There have been a few instances in the United States where a MAC provision has specifically been adjudicated upon. In IBP Inc. v. Tyson Foods Inc., the MAC provision was silent on whether industry effects were specifically excluded. The buyer wished to trigger the MAC provision because the financial performance of the target suffered due to cyclical effect in the industry. The Court declined to find a MAC and rejected the concept that industry wide factors are automatically excluded from constituting a MAC or automatically qualify as a MAC. The Court observed that a MAC clause is best read as “a backstop protecting the buyer from the occurrence of unknown events that substantially threaten the overall earnings potential of the target in a durationally-significant manner.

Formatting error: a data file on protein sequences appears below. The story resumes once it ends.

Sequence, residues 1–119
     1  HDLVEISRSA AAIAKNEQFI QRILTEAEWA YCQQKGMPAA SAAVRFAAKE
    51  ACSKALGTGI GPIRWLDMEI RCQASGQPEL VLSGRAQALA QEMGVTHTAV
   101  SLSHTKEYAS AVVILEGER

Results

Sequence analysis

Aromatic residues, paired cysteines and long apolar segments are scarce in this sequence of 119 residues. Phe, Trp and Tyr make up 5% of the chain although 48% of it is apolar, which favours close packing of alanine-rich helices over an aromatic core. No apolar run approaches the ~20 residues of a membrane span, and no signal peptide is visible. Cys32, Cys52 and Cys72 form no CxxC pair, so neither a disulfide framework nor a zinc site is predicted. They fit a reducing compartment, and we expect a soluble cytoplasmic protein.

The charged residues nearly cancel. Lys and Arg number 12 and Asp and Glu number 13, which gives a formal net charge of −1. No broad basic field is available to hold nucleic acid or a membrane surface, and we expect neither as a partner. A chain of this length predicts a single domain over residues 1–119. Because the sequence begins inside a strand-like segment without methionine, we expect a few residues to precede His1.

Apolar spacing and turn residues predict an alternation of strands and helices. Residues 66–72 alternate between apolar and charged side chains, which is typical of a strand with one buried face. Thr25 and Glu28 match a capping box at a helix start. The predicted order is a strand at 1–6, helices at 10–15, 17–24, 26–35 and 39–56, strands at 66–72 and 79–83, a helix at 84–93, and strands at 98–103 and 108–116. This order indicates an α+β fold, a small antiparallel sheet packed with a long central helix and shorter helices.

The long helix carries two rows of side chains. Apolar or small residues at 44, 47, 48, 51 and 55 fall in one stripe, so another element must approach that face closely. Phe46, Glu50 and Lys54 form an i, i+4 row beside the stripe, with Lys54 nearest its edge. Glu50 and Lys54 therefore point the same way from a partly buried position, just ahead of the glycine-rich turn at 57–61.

In the midst of the 2008 financial crisis, the Court of Chancery of the State of Delaware in Hexion Specialty Chemicals, Inc. v. Huntsman Corp  held that, in the absence of the contrary, an acquirer may be assumed to be purchasing the target as a part of a long-term strategy. The target’s failure to meet its financial forecasts by itself will not constitute a MAC, as the merger agreement “explicitly disclaims any representation or warranty by Huntsman” with respect to any projections, forecasts or other estimates.